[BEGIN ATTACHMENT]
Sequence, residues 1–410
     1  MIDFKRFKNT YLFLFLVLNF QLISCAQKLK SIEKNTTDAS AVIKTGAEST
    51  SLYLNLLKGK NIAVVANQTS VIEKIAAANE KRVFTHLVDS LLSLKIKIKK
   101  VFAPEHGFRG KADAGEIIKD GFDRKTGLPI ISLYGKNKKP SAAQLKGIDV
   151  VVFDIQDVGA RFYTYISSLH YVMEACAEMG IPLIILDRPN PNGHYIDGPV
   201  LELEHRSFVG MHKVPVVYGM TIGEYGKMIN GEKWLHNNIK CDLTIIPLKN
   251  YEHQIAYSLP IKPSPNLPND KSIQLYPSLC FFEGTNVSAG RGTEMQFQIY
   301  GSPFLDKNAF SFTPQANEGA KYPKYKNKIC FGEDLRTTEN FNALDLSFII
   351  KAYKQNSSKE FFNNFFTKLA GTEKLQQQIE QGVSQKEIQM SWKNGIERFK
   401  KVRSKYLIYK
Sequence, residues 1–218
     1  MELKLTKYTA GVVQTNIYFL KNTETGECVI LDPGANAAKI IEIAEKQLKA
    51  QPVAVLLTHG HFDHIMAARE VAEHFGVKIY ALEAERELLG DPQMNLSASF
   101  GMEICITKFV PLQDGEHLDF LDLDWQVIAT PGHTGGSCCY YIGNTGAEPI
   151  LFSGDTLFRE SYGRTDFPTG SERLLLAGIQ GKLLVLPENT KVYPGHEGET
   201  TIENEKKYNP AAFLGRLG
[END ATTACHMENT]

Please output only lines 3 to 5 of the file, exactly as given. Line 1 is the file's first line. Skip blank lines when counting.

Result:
    51  SLYLNLLKGK NIAVVANQTS VIEKIAAANE KRVFTHLVDS LLSLKIKIKK
   101  VFAPEHGFRG KADAGEIIKD GFDRKTGLPI ISLYGKNKKP SAAQLKGIDV
   151  VVFDIQDVGA RFYTYISSLH YVMEACAEMG IPLIILDRPN PNGHYIDGPV